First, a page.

NASA Wants to Shoot Lasers at Space Trash

Greg Tito

PR for Dungeons & Dragons
Sep 29, 2005
NASA Wants to Shoot Lasers at Space Trash

If the proposal to help de-orbit space debris goes through, the sky will actually start falling.

The problem with our culture living firmly in the Space Age is our dependence on satellites for everything from communication and content consumption to global positioning. All that awesome functionality is derived from hundreds of man-made satellites in orbit 500 miles above the surface of the planet. Back in 1978, Donald Kessler predicted that, if we're not careful, there would be so many objects in space that collisions might surround the Earth with a belt of junk. The Kessler syndrome is now fast becoming a reality as a collision in 2009 of the Iridium 33 and Cosmos 2251 satellites caused a series of smaller crashes that littered up space. This junk not only threatens consumers but also further exploration and even the International Space Station. All previously proposed solutions to clean up this mess and prevent further accidents are prohibitively expensive - a massive space Roomba perhaps? - but a new study by NASA has an elegant solution: blow it up with lasers.

Or more accurately, shoot a laser from Earth at pieces of junk in space to slow it down enough for it to harmlessly fall out of orbit. The idea of pew pew lasers into space is not entirely new; the Chinese successfully tested a weapon to remove enemy nations' satellites in 2007. But that's the problem, having an expensive laser shoot a powerful enough blast to blow up satellites would not make our allies (or enemies) very comfortable.

The new study [] conducted by James Mason at NASA Ames Research Center in California devised a plan to use a comparatively weak 5 kilowatt laser aimed at junk for a few hours a day. The photons from the laser would slow down the orbit of the trash in space, and further ministrations would eventually degrade the orbit until it fell. The proposed system could help rid the skies of debris by focusing on up to 10 objects each day, and could even be used to help position satellites so they don't have to drag up tanks full of fuel to adjust their trajectories with thrusters.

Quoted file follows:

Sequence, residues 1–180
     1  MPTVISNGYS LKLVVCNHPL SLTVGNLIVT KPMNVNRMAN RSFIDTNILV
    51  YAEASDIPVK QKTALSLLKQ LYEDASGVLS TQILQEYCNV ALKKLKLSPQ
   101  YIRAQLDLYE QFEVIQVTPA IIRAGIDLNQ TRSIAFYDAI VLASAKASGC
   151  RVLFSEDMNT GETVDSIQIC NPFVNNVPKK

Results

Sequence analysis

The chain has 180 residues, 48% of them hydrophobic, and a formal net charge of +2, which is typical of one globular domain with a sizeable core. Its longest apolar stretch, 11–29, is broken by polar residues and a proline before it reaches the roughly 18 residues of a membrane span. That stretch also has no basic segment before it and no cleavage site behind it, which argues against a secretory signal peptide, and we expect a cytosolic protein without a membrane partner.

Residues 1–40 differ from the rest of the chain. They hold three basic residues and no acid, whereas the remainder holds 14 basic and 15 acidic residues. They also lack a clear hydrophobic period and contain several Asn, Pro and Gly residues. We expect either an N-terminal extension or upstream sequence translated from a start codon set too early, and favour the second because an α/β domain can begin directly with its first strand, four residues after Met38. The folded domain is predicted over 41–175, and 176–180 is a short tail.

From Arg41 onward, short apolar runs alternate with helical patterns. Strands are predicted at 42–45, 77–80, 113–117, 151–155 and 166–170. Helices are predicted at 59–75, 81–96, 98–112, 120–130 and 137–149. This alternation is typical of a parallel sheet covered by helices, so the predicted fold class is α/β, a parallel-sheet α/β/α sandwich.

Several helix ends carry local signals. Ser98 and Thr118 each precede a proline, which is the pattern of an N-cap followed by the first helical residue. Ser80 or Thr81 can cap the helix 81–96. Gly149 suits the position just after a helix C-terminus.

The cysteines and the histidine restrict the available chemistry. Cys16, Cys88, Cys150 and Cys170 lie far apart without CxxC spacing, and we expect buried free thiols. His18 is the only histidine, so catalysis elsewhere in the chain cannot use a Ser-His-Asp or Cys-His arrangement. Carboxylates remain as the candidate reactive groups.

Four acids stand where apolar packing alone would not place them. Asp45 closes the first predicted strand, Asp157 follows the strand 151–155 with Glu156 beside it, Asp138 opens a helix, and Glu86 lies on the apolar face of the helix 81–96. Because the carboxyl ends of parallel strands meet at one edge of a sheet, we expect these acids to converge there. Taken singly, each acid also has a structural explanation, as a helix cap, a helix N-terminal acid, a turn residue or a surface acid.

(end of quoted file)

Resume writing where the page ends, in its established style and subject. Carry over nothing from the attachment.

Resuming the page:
It sounds like a pretty good idea, especially since Mason and his team estimate that the total cost of the system could be kept under a million dollars. If we could get rid of a potentially disastrous problem by only investing such a small amount of funds, then the fact that we're using lasers to clean up trash is just an awesome side bonus.

Source: Technology Review []



New member
Feb 4, 2010
One step closer to a fully armed and operational deathstars.

I support this endeavor whole-heatedly.


King of Okay
Jun 27, 2008
I could have sworn this was a plan years ago... I remember seeing it on the news, I thought the laser looked like a flipped R2-D2.

Super Six One

New member
Apr 23, 2009
I read somewhere they were going to build a giant spacenet that would gather them up and drag them into the atmosphere to burn them up.

Lazers are much better.


New member
Feb 25, 2008
So, basically Mason wants his own mini-death star.

Hell, he only wants a million dollars, give him double so he can style up the thing and buy some snazzy uniforms. Preferrably grey with black helmets.